Jhere are two violinists at work on this recording, and that takes nothing away from Vilde Frang’s exhilarating performance to say it. In Beethoven’s concerto there is nothing remotely laborious about his playing, but his light touch and unerringly sweet tone are the vehicle for a satisfying performance on a grand scale. In the Stravinsky this softness takes on a swagger and firmness of purpose that give way to reveal something dark and deeply felt in the slow movement. In both works, his playing is constantly sensitive to the swirling currents of electrical energy in the music.
But she is not alone in this case. The other violinist is Pekka Kuusisto, who freely admits that he made fun of instrumentalists who thought they could become a conductor “just like that”, but who might have to swallow his words: in just a few years, a hand injury l led him to be absent from the game for several months, he developed a flourishing parallel career on the podiums. This is his first recording as a conductor and, in front of the Deutsche Kammerphilharmonie Bremen – with whom he holds the position of best artistic friend – he is insightful and totally in control. Not a single note, whether from Frang or from the excellent musicians of the Kammerphilharmonie, is routine – the level of attention to detail is extremely gratifying.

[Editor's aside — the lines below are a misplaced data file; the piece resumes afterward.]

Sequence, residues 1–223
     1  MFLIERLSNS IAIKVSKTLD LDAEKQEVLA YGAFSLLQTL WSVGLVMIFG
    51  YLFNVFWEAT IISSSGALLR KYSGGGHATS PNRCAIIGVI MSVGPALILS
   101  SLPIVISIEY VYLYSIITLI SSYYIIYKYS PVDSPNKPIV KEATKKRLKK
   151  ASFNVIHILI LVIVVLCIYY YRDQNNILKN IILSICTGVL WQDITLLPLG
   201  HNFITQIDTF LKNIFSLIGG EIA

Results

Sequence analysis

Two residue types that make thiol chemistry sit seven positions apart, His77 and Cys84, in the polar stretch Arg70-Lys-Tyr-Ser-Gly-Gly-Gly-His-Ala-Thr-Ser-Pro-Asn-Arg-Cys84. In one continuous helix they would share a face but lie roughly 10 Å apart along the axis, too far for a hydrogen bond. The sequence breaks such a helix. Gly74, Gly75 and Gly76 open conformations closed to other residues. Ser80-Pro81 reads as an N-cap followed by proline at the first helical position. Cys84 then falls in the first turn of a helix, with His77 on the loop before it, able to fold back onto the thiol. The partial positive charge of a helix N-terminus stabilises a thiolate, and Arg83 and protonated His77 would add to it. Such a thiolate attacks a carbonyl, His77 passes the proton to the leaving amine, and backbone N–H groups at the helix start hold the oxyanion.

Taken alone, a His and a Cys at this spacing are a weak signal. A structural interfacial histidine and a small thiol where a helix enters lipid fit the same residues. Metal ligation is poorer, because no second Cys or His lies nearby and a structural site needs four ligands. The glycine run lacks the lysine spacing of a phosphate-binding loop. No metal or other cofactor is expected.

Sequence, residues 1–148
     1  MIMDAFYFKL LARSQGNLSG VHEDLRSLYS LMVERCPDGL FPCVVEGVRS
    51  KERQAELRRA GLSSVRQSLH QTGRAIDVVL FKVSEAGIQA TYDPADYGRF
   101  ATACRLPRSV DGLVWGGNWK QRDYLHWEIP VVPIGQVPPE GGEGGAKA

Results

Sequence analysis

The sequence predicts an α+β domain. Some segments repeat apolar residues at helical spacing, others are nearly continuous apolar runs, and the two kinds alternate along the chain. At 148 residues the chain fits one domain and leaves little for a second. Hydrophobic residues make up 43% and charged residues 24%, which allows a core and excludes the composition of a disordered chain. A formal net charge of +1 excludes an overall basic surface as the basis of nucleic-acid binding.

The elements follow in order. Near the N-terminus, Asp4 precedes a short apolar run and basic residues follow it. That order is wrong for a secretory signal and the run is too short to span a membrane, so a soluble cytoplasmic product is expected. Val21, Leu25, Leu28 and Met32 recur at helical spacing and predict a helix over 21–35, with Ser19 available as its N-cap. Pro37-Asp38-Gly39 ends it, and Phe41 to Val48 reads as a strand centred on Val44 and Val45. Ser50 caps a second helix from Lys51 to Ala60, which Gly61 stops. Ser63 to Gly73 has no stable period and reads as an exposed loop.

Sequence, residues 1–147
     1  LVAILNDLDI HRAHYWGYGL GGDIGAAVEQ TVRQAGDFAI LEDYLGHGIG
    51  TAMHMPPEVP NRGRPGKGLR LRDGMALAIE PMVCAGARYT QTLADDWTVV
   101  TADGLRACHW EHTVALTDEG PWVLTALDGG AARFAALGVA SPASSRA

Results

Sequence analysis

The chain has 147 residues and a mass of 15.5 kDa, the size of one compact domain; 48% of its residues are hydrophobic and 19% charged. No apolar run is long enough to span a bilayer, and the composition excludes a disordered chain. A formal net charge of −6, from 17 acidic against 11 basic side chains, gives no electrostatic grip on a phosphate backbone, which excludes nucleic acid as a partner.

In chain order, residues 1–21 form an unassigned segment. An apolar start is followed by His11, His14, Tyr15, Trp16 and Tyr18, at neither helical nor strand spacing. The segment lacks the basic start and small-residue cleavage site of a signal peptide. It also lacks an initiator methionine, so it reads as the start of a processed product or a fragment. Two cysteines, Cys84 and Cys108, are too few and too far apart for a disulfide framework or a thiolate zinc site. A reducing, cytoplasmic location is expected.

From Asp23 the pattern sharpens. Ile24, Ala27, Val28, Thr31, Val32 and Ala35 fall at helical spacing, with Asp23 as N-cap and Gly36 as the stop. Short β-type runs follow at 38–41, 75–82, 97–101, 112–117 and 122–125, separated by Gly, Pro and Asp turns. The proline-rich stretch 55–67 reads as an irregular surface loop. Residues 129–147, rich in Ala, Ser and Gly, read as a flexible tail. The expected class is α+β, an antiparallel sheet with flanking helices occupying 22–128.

In the Beethoven, the colossal first movement in particular has an easy flow that belies its scale, and the end of this movement is brilliantly handled, moving from a deep sense of peace to affirming joy in seconds. In the Stravinsky, the blowing orchestral engine is restless, absolutely in time but constantly varying in texture, thanks to the care of the colors of the musicians of the Kammerphilharmonie. They form the perfect support for Frang’s research playing, Kuusisto using his extensive knowledge of these scores to draw soloist and orchestra into a tightly knit team.
The other choice of the week
During lockdown, violinist Sara Trickey began making weekly YouTube videos in which she performed short solo pieces at home; in From an Empty Room, she brings together 10 of these works in a vast program. As well as an elegant retelling of Prokofiev’s last solo sonata and simply eloquent Telemann, it includes early recordings of works by Sally Beamish and Errollyn Wallen, pieces written for Trickey by David Matthews, Lyell Cresswell and James Francis Brown, and a hauntingly beautiful piece by 20th-century Norwegian composer Bjarne Brustad.